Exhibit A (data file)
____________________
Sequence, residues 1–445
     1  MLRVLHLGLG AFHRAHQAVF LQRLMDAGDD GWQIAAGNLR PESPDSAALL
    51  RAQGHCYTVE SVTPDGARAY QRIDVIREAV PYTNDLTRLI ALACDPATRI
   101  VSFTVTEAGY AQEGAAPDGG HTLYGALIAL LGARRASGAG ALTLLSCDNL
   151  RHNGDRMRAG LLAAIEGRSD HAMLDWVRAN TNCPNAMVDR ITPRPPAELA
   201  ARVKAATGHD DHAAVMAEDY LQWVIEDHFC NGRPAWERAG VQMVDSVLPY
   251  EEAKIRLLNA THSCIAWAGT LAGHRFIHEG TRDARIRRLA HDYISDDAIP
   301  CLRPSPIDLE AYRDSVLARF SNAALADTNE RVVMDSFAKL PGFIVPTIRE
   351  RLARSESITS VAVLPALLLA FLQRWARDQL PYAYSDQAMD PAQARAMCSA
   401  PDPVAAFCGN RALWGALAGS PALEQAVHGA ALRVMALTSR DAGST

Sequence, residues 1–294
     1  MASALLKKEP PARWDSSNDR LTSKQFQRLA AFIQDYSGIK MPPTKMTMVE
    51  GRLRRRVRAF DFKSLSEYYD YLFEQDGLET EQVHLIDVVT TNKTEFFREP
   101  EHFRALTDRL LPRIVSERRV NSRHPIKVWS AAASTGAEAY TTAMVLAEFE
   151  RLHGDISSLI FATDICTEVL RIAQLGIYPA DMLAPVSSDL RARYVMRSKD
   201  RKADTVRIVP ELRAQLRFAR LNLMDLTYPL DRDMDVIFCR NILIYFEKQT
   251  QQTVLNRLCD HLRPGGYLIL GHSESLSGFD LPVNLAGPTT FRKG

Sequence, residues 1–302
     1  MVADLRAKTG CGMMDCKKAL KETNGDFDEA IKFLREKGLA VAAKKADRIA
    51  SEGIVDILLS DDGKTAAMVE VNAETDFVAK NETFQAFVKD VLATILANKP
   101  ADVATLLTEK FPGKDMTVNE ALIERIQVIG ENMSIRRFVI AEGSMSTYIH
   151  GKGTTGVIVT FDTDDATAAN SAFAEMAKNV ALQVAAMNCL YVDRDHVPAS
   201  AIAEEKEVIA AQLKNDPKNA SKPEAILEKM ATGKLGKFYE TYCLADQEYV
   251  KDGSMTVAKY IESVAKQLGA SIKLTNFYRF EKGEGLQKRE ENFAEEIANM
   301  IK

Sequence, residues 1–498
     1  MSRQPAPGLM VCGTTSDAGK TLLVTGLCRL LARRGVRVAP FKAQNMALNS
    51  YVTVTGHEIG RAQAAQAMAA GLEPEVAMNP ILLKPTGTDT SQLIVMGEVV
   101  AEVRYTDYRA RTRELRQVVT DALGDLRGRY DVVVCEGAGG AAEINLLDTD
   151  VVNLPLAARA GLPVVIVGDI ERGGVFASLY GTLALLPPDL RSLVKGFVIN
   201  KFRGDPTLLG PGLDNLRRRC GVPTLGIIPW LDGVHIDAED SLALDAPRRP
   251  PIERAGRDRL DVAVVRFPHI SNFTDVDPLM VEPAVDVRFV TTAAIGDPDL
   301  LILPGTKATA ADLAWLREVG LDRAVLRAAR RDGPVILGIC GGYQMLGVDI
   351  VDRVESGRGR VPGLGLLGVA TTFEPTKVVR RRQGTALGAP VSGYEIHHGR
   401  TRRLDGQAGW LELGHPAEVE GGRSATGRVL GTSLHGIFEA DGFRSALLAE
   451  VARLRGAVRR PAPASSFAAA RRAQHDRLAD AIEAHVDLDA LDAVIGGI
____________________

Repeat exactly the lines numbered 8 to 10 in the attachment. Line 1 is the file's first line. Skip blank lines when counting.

   301  CLRPSPIDLE AYRDSVLARF SNAALADTNE RVVMDSFAKL PGFIVPTIRE
   351  RLARSESITS VAVLPALLLA FLQRWARDQL PYAYSDQAMD PAQARAMCSA
   401  PDPVAAFCGN RALWGALAGS PALEQAVHGA ALRVMALTSR DAGST